I got the idea for Trash Sex Magic while on jury duty for a medical malpractice suit. The two attorneys were so very badly behaved that the judge sent us apologetic looks every ten minutes as he took the attorneys out into the hallway to tear a private strip off them. No matter. I was coming up with a new story that I was sure no one would allow me to publish, a fantasy, but not about princesses and fairies. It would be set on a suburban riverbank, and the heroines would be the town sluts living in a trailer, and I would write fearlessly about children prematurely sexualized and the sensuous power of mud, oh, nobody would ever look at it. I was enchanted. I would try to imagine a version of my mother as the elder town slut–a big reach, because my mother’s house was always clean, and she was always so conventionally-minded!–but somehow this woman would have my mother’s personal power, the magic and force of will she carried around with her. I would free her from her conventional mind and let her spray her magical power like a firehose over that town and that riverbank. And I would split her her off in the role of the daughter, too, because why waste a woman of power like that on one character? And a pair of wild children, and a village idiot, and a philandering neighbor.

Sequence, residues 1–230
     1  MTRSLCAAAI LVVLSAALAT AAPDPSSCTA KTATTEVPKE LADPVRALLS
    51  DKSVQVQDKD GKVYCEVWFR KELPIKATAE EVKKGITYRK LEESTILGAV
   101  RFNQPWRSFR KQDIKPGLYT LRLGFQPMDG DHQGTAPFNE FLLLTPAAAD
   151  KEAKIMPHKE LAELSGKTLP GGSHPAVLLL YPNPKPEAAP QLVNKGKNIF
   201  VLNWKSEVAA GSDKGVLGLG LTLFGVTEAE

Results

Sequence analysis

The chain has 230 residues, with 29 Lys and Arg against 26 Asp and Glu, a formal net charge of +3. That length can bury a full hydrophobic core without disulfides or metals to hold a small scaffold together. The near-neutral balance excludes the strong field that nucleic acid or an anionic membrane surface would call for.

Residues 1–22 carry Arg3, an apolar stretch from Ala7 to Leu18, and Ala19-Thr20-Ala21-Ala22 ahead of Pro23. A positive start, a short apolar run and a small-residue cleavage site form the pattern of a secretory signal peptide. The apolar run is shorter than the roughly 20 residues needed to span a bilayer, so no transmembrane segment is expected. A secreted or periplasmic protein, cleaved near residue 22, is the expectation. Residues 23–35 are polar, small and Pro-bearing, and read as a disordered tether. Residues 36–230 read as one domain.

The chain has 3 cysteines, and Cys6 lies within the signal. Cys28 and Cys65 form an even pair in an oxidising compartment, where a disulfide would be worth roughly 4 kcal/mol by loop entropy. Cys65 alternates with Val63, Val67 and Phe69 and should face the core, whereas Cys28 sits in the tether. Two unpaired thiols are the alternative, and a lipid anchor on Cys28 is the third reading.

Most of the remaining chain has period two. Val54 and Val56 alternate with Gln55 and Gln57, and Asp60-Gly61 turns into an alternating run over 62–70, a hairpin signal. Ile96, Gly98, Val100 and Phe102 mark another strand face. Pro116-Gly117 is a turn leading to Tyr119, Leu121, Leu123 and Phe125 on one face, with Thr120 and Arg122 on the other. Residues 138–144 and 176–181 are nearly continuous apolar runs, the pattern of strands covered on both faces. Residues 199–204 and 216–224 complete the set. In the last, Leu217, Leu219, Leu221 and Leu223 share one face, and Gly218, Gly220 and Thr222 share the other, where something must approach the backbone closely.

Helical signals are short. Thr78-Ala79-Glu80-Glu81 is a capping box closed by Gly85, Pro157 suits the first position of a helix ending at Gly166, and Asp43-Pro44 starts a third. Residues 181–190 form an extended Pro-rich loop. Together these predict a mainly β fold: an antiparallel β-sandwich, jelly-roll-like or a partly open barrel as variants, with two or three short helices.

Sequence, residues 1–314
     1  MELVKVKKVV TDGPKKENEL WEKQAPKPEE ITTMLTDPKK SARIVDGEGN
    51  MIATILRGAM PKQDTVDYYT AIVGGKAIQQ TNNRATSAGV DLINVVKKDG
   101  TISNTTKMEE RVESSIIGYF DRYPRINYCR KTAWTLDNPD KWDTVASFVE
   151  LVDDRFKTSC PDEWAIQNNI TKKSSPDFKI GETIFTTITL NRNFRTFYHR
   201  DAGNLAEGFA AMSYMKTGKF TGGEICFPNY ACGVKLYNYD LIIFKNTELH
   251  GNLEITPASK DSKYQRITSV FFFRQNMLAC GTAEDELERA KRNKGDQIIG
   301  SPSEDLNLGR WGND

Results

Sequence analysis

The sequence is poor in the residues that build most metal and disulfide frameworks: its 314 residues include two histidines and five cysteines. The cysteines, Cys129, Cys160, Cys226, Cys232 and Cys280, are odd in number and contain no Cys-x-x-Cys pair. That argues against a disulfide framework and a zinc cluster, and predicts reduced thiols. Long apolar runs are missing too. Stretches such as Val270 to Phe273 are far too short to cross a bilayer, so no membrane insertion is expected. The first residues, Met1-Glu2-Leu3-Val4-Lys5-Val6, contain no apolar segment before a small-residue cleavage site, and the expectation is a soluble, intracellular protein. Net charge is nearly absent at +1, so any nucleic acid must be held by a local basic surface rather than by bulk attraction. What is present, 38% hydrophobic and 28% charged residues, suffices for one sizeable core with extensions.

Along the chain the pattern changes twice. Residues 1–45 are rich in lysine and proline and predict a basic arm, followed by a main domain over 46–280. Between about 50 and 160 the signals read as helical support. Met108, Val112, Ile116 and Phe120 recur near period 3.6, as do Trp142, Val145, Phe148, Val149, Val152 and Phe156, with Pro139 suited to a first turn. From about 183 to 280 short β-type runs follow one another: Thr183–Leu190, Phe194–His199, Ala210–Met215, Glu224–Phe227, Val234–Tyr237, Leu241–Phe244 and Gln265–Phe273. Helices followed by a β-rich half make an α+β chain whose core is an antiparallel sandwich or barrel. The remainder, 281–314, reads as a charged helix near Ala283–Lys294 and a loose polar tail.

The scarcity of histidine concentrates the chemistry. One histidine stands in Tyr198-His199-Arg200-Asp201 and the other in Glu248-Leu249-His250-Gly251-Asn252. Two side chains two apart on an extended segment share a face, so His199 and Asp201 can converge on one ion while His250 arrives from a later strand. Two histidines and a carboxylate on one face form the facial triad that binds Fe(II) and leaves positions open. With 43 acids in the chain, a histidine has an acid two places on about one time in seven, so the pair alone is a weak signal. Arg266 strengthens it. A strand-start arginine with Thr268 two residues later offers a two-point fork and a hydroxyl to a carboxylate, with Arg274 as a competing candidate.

I came up with lots of the main characters during that jury duty. The muddy bank of the Fox River was as far away as I could get from that dry, hot, boring room, upholstered in impatience and the bald fluorescent lighting of the law.
Ideas came rushing out of my pen. I would tell the world what I thought of fantasies with “internally consistent magic” and how great wizards do not have tenure. I would raise hell. Nobody would publish it.
I wrote about forty thousand words of that story before I realized that the hero I had assigned was too fraught with childhood issues to do the job. In fact, to finish his story properly I’d have to chase him away from the heroine. Then I met my true hero at a halfway house for ex-cons in Chicago. He wasn’t as fat as my Alexander, but he was as dark, and his dreads masked his face and his eyes in the same way, and he was as quiet, yet just as full of life. The moment I laid eyes on him, he got the role. I was sorry to put him through all the hell in that story, but that’s what heroes are for, isn’t it?
I found myself using movie actors (as usual) so I could picture the characters and hear their voices. The younger heroine and her mother too, in an older version, were based on the look and feel of Sissy Spacek in Coal Miner’s Daughter, and I saw Tommy Lee Jones, from the same film, as the failed hero. James Earl Jones lent his poise and his wonderful voice to the mother’s lover. But if I hadn’t met the model for Alexander it would never have come together.